That’s the eye-catching question posed at the beginning of this op-ed piece by Peter Manseau in The New York Times. The key to understanding the pontiff, he explains, is his consistency:
No matter if in his meeting with Kim Davis we cast Pope Francis as a bumbling victim of his own lieutenants, or a back-room wheeler-dealer unwilling to come clean, in his past complaints about judges meddling in matters constitutional and divine, he already lent support to Ms. Davis’s cause no less than her loudest defender, Mike Huckabee, the former governor of Arkansas and a Republican presidential candidate, who put the same idea this way: “Constitutionally,the courts cannot make a law.”
It is tempting to see in the pope’s varied messages during his first visit to the United States the ploys of a seasoned political fighter who knows that a move left on the climate and the economy gives him the space he needs to jab right on social issues. That may be part of it. As the future pope counseled, one should not be naïve. The Vatican was an old hand at international politics before this country was born.
Yet another interpretation is far more unsettling to our bifurcated culture: that Pope Francis is a man who sees more similarities than differences between Kim Davis and Dorothy Day.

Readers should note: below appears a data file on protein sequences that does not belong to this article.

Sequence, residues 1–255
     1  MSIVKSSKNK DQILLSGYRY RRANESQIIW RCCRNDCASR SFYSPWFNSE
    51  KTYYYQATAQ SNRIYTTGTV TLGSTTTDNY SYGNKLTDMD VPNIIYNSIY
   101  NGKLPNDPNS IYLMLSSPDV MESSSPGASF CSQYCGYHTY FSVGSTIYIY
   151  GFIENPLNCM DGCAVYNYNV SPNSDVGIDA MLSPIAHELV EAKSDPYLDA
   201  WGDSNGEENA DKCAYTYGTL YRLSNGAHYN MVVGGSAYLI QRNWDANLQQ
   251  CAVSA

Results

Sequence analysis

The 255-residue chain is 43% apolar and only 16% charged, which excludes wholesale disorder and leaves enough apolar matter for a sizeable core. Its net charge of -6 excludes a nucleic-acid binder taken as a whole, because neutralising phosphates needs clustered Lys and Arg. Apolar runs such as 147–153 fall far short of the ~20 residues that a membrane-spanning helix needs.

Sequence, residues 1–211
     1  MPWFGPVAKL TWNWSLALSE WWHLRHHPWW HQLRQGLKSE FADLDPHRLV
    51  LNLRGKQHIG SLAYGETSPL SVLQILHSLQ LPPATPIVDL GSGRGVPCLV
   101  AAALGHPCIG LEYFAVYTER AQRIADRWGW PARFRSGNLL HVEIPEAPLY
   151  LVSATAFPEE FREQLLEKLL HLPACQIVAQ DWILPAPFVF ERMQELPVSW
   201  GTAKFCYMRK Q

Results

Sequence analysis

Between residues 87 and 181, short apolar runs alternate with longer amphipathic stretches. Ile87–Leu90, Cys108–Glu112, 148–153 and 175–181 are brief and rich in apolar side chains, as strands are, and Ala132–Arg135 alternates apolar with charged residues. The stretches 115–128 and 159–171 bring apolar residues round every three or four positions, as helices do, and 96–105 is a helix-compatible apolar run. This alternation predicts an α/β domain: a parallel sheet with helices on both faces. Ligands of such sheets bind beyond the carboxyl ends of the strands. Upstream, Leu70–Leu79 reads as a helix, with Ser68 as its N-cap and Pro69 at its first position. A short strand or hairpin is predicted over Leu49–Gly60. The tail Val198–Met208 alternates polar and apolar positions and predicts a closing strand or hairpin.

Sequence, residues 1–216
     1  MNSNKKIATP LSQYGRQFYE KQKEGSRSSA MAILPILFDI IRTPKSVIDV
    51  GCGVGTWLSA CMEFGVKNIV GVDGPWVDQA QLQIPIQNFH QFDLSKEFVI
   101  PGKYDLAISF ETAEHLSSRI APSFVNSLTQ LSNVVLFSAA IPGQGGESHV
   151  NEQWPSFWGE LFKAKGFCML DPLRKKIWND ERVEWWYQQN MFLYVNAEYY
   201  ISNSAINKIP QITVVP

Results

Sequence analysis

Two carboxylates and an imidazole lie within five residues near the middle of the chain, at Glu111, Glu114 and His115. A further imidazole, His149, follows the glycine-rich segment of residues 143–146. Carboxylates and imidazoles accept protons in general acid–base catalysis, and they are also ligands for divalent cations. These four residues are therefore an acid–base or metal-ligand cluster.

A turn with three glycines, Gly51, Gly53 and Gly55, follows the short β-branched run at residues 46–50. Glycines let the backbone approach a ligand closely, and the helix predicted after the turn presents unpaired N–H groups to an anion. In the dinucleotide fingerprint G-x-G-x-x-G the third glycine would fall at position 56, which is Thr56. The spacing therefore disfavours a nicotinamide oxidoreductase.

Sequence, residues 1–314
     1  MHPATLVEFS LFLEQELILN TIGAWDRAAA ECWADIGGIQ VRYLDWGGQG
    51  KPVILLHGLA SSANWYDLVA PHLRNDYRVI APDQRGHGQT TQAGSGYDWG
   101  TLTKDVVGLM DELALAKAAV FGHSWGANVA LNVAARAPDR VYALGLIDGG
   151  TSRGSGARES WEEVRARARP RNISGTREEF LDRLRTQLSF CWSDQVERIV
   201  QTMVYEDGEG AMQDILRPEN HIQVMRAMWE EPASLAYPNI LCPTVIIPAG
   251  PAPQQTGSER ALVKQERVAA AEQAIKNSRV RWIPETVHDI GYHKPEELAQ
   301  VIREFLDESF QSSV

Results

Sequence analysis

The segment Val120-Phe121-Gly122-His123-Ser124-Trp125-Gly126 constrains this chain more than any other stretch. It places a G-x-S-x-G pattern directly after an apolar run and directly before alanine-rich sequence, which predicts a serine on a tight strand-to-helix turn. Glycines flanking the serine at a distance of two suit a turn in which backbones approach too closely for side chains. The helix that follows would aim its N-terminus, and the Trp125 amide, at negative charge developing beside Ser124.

During her protests against the war in Vietnam, Day, too, broke the law, and spoke openly about the need to do so. She professed her willingness to go to prison for her convictions, just as Mr. Huckabee did the day Ms. Davis was released from jail. While Day took action because of war and Ms. Davis did so because of marriage, in the pope’s view, his church’s struggle against same-sex marriage is “God’s war.”
Francis has said he sees the devil at work in the question of marriage equality; Ms. Davis has said her refusal to grant marriage licenses was “a heaven or hell decision.” Whatever sets them apart, what the pope and the county clerk ultimately have in common is more than a few moments together in Washington.
As his papacy continues, Francis will likely infuriate people on both sides of our political divide, but it won’t be because he’s fickle. Cool or uncool, the pope is consistency itself.